NUTS !!!!

In my manual it states a figure of 48 Ib foot for head bolts ,but in the sunbeam owners club they recommend a 45 lb foot .The 3lb foot difference is to avoid head gasket problems. What would you recommend ?


Staff member
46 1/2 ;)

The Sunbeam club is probably quoting for the alloy head. I doubt weather your torque wrench is accurate enough to be spot on with either figure, just as long as they are pulled down evenly.


New Member
The manual says not to lubricate the threads however if you put them in freshly cleaned in petrol (or your parts washer - lucky you) the threads will have rather more friction than when they were new with cutting oil still on them. My advise (consider me "that bloke in the pub") I run a 1/4" drill in the holes in the block (by finger and definitely not in your black and decker) to make sure there is little, or no muck at the bottom which would cause the head bolts to bottom out before clamping the head correctly. Second I put a little copper grease on the threads (just a spot, and not too much you don't want it getting on the gasket) then torque to 46lbs/ft (what my Chrysler workshop manual states) for my ally head. This stopped my head gasket failing every 1000 miles, 23,000 now so far without problem...
Thanks for the info Paul .I'm not sure if my gasket failed. It all started last Sunday when for some reason I removed the rocker cover filler cap & was horrified to see milky oil on & around it ,so without hesitating I started stripping the engine down. I took the head off but was a bit surprised to see clean oil in & around the pushrod followers .Next I took the oil filter off & again no milk (emulsification),next drained the oil it was almost as clean s the day ,a year ago ,I put it in. Anyway I've put it back together now ,£65 & 2 evenings down.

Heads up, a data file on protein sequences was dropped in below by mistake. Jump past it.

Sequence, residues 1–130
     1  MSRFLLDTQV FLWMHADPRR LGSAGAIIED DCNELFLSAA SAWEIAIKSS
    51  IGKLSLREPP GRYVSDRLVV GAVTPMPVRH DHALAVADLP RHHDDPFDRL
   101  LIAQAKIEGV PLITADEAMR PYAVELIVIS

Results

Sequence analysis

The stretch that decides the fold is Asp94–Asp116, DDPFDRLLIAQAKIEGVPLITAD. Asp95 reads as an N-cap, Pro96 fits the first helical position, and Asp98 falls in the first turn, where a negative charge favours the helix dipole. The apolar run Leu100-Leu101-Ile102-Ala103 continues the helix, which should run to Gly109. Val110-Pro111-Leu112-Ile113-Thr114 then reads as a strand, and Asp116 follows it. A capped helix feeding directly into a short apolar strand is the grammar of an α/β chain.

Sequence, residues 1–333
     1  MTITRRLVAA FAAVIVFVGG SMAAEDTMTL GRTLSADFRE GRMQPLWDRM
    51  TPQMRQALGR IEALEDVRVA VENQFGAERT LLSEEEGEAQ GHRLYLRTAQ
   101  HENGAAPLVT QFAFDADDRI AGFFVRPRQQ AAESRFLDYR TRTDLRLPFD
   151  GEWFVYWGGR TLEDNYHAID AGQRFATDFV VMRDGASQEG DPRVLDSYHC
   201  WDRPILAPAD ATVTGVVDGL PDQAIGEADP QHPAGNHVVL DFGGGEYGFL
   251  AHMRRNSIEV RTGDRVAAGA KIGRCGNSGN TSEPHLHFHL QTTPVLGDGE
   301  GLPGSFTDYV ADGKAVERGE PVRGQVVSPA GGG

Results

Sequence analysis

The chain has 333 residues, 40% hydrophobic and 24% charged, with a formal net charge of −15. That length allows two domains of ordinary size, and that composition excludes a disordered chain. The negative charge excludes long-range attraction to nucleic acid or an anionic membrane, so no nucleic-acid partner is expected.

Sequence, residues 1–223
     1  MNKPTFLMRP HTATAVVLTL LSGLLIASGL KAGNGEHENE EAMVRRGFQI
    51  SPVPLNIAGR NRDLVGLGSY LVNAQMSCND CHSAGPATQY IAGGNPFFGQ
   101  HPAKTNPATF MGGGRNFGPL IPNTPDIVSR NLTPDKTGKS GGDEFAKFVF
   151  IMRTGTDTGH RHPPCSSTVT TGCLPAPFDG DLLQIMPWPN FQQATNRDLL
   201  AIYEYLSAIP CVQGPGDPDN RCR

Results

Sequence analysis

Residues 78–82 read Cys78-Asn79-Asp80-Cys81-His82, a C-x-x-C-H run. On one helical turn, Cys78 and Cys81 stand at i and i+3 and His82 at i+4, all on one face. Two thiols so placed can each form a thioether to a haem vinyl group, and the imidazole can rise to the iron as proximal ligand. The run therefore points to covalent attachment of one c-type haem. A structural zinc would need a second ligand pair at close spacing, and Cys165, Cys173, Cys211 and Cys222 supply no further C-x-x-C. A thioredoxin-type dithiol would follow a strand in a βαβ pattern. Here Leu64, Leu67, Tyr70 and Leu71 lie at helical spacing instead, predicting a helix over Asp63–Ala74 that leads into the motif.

New Member
Emulsified oil in the rocker cover was common on older engines in my experience and not necessarily an indication of a problem requiring investigation. Particularly the 1725 ally head, BL "S" series, and to a lesser extent BL "A" series, "B" series, and Ford Kent amongst others. The problem is caused by the rocker cover not getting hot enough to evaporate condensation. My engine takes about 47 minutes to get the oil fully up to temperature on average (ambient temperature affects). Unless you are losing water I wouldn't worry.
Scrape the sludge out every 5000, or avoid short journeys, or do what BL did on the "S" series and wrap the oil filler and cam cover in insulating material to help keep it warm...
I find using a modern oil helps too. I use 5W50 fully synthetic racing oil in my engine. I could explain the logic but it is a long read. Not a sign of any milky deposits in the rocker cover for years.
I will wait for someone to criticise use of synthetic/semi synthetic/5W etc before I dig out the science...
Yes I think your right Paul. The longest journey my vans done since I got it is about five miles, thats in 2 years. The plan is in the summer to use it more often . Thanks for reply.